Using transform the idea is to rely on `rotateX()` in order to visually decrease the height to keep the formula defined previously. So we start by having `Width=height` (a square) then we rotate like below: This is a view from the side. The green is our rotated element and the red the initial one. It's clear that we will see the height `H1` after performing the rotation and we have this formula:

``````cos(angle) = H1/H
``````

And we aleardy have `tan(alpha)=W/H1` so we will have

``````cos(angle) = W/(H*tan(alpha))
``````

and `H=W` since we defined a square initially so we will have `cos(angle) = 1/tan(alpha) --> angle = cos-1(1/tan(alpha))`

``````.box {
width:150px;
height:150px;
background:red;
margin:50px;
transform:rotateX(58.63017731deg) rotate(45deg); /* cos-1(0.52056)*/
}``````
``````<div class="box">

</div>``````

We can also apply the same logic using `rotateY()` to update the width in the situation where you will have beta bigger than `90deg` and alpha smaller than `45deg`. In this case we will have `W < H` and the `rotateX()` won't help us.

The math can easily confirm this. when `alpha` is smaller than `45deg` `tan(alpha)` will be smaller than `1` thus `1/tan(alpha)` will bigger than `1` and `cos` is only defined between `[-1 1]` so there is no angle we can use with `rotateX()`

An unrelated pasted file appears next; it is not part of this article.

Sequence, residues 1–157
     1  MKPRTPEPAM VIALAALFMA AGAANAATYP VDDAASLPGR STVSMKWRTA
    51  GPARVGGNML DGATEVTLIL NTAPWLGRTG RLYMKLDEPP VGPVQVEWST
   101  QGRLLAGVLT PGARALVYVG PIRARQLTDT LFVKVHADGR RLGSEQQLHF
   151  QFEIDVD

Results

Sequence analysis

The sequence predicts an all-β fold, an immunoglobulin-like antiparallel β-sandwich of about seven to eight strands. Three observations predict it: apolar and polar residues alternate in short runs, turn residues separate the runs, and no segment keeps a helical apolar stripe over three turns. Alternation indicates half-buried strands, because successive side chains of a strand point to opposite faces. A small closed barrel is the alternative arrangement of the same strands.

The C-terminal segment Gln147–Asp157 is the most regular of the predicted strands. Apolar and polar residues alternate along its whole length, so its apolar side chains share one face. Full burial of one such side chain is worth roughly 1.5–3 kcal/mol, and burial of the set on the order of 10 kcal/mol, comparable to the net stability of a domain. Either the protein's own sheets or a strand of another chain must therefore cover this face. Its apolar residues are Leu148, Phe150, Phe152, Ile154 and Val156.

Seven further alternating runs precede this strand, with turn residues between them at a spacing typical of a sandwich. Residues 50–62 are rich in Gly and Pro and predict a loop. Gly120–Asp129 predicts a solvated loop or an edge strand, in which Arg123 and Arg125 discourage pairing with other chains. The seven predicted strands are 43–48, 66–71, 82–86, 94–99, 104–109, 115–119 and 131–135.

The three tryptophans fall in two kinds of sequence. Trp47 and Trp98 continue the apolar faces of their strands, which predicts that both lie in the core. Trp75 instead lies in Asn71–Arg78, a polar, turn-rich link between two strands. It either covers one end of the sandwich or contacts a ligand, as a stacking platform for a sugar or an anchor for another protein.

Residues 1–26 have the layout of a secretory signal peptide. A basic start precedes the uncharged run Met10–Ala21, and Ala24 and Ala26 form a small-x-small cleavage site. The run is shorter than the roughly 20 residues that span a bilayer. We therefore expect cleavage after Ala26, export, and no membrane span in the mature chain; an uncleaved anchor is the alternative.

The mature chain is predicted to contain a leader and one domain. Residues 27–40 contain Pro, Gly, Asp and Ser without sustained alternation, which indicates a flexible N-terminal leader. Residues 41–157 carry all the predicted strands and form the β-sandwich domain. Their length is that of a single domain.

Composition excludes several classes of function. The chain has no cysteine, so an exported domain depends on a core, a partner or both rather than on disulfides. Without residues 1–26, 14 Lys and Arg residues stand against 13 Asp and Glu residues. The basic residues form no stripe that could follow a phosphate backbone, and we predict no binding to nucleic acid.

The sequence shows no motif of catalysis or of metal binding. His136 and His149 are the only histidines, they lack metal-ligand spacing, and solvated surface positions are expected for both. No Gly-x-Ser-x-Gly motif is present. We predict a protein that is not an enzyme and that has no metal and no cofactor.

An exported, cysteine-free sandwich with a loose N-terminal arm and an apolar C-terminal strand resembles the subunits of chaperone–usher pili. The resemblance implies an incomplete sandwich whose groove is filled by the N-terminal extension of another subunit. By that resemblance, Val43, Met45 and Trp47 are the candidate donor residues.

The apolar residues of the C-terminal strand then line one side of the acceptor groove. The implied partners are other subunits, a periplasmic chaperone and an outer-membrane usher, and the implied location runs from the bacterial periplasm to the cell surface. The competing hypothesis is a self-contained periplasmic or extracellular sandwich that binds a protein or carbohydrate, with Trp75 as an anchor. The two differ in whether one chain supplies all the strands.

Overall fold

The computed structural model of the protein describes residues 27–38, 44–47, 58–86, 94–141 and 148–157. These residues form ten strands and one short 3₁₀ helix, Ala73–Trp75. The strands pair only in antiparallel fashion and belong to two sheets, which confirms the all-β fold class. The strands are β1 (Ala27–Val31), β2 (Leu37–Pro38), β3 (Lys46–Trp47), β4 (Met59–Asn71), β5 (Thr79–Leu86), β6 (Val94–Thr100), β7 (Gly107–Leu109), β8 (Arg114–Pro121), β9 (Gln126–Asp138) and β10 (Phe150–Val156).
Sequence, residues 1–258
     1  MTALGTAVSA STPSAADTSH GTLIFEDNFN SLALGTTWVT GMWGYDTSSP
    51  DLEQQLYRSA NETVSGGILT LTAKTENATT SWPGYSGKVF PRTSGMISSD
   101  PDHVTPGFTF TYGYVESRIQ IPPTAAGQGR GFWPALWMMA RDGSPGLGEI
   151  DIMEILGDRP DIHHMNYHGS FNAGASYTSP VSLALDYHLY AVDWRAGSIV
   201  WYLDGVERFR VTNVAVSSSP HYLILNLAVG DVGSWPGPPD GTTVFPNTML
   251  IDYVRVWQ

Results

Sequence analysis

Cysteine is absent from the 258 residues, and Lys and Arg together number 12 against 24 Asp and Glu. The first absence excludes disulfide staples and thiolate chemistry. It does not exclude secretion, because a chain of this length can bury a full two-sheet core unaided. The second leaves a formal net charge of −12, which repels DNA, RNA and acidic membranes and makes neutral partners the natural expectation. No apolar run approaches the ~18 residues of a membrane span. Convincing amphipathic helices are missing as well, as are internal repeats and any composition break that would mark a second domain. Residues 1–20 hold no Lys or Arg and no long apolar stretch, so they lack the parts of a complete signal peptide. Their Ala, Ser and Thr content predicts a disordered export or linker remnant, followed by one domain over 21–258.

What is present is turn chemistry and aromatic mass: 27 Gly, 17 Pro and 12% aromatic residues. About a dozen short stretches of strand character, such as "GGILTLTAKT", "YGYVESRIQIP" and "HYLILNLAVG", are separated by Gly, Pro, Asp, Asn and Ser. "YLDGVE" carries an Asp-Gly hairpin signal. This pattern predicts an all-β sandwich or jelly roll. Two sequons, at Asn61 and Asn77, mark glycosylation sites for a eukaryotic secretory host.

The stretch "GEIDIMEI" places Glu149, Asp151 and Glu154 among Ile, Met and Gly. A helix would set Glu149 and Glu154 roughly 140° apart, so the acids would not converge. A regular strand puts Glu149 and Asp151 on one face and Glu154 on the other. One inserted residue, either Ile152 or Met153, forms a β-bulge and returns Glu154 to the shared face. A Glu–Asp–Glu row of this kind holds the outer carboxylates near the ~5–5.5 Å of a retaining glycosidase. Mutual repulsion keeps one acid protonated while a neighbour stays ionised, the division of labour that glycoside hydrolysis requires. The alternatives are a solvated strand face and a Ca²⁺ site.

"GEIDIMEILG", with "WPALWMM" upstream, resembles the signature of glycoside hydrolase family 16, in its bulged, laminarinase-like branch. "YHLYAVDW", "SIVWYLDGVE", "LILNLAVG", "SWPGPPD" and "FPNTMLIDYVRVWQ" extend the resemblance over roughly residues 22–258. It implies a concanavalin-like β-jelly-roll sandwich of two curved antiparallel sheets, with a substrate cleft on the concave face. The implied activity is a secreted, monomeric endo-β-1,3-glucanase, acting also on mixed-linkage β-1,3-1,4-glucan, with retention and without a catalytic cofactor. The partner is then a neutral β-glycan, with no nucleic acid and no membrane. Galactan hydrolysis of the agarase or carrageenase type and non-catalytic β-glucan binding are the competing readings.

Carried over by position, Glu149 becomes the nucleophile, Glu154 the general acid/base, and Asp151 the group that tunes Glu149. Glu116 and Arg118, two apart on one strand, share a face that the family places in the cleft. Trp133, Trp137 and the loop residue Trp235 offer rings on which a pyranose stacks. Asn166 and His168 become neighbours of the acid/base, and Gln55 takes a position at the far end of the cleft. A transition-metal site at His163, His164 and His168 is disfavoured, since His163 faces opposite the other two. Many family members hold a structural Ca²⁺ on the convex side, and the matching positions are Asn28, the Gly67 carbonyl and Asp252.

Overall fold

Here is an animation to illustrate:

``````.box {
width:100px;
height:100px;
display:inline-block;
background:red;
margin:50px;
animation:change 5s linear infinite alternate;
}
.alt {
animation:change-alt 5s linear infinite alternate;
}

@keyframes change {
from{transform:rotateX(0) rotate(45deg)}
to{  transform:rotateX(90deg) rotate(45deg)}
}
@keyframes change-alt {
from{transform:rotateY(0) rotate(45deg)}
to{  transform:rotateY(90deg) rotate(45deg)}
}``````
``````<div class="box">

</div>

<div class="box alt">

</div>``````

• Thanks! This nearly perfect. At least it answers the question perfectly. However, is there a way to use `border-radius` or imitate it?
– Noim
Mar 13, 2019 at 19:49
• @Noim I am adding another way ;) give me 5min Mar 13, 2019 at 19:51
• @Noim check the update, with the new method you can add radius easily ;) Mar 13, 2019 at 20:02

In various way you can do it. Since you're trying to use degree value so here I can give you an example: first of you can take four lines for your rectangle and rotate them as you want with degree value. Here is what I mean:

``````<div class="top_line"></div>
<div class="right_line"></div>
<div class="bottom_line"></div>
<div class="left_line"></div>
``````

Css

``````.top_line { height: 170px; border-right: 1px solid yellow; transform: rotate(50deg);
position: absolute; top: 140px; left: 400px; transform-origin: 0% 130%; }
.right_line {height: 140px; border-right: 1px solid red; transform: rotate(130deg);
position: absolute; top: 140px; left: 500px; transform-origin: 0% 50%; }
.bottom_line { height: 140px; border-right: 1px solid green; transform: rotate(130deg);
position: absolute; top: 140px; left: 400px; transform-origin: -1800% 80%; }
.left_line { height: 140px; border-right: 1px solid blue; transform: rotate(50deg);
position: absolute; top: 140px; left: 400px; }
``````

Here is the live preview

• Thanks. I understand what you made and how, however, it does not really fit my goal (At least I think). I try to recreate a solid surface with this shape, not exactly the construction lines from the image.
– Noim
Mar 13, 2019 at 19:36